“As the DC establishment gins up outrage over some complimentary words about Cuban literacy programs, a timely reminder that they backed this dictator for decades, and continue to back his even worse successor.”

Duss is the face of Sanders’ foreign policy and his fiercest defender against backlash generated from Sanders’ controversial statements. The advisor has been with candidate’s team since 2017 and has had plenty of time to craft positions on key issues.

Rethinking the US-Israel Relationship

Through Duss, Sanders can take firm stances that have previously been considered a sort of taboo in American politics. The most glaring example is Sanders’ position on Israel. The Middle Eastern state has – since its creation after World War II – been a top partner on America’s list of allies. 

The US has always backed the state, both politically and militarily. Critics of the unquestionable support for Israel are often labeled as anti-Semitic, one of the harshest insults in American politics. For decades, the idea of speaking out against Israel has been simply unthinkable and considered a political non-starter. 

Sanders – with the help of Duss – has changed that. A Jew himself, Sanders lost half of his family in the Holocaust. Consequently, he is in a unique position that affords him near-immunity from anti-Semitic labeling.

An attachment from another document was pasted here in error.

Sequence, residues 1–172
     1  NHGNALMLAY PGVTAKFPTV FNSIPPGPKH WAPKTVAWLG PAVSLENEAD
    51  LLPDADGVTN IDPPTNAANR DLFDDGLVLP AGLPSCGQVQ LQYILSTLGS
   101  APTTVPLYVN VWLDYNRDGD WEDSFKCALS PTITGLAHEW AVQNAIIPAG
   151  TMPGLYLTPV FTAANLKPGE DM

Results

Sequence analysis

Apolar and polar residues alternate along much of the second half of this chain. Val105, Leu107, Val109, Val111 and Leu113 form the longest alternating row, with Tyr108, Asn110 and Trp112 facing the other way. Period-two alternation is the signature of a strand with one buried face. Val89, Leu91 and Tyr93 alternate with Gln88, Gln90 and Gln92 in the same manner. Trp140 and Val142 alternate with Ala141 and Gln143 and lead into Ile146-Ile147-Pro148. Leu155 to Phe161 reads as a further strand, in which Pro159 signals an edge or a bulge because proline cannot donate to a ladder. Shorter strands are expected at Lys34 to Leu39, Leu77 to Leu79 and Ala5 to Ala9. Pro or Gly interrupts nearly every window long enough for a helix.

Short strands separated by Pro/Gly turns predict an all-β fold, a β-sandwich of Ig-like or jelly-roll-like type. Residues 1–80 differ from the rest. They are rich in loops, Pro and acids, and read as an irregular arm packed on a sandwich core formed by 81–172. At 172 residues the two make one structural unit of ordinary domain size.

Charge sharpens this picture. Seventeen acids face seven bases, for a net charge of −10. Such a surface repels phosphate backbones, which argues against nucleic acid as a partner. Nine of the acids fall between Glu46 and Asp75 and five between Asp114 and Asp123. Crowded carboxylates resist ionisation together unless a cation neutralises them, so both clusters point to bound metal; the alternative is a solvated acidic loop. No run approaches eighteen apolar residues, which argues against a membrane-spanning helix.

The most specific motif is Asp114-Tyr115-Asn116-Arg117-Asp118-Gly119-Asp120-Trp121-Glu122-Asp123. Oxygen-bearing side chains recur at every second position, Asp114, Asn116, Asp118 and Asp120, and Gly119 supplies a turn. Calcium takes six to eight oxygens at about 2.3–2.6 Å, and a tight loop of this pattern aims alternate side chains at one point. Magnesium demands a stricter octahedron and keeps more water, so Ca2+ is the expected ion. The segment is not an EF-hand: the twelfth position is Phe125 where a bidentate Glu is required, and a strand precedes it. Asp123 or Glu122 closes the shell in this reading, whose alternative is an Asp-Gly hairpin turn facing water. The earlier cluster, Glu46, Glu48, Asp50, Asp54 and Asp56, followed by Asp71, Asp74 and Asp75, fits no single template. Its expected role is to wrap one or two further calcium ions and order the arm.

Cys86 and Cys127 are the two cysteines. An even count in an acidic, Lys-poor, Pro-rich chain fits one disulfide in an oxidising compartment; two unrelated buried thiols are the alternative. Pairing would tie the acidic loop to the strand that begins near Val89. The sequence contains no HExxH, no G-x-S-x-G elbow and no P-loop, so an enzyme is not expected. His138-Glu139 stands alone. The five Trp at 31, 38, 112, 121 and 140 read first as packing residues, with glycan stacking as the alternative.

“Like segregation in the American South, the siege of Gaza (and the entire Israeli occupation, for that matter) is a moral abomination that should be intolerable to anyone claiming progressive values,” Duss wrote in 2010. 

Whereas Trump has given Netanyahu all the space he needs to expel Palestinians from settlements and annex more land, American foreign policy under Sanders would look quite different. A peace plan proposed by Trump and widely-condemned as being one-sided toward Israel, would be scrapped entirely, for starters. 

Sanders, who previously lived in Israel for a few months, said he would consider moving the US embassy back to Tel Aviv. 

“But what I happen to believe is that right now, sadly, tragically, in Israel, through Bibi Netanyahu, you have a reactionary racist who is now running that country,” Sanders said. 

To be clear, the senator supports Israeli independence and protecting the American ally. However, he takes a more holistic view of the situation in calling for equality between Israelis and Palestinians and protection of human rights.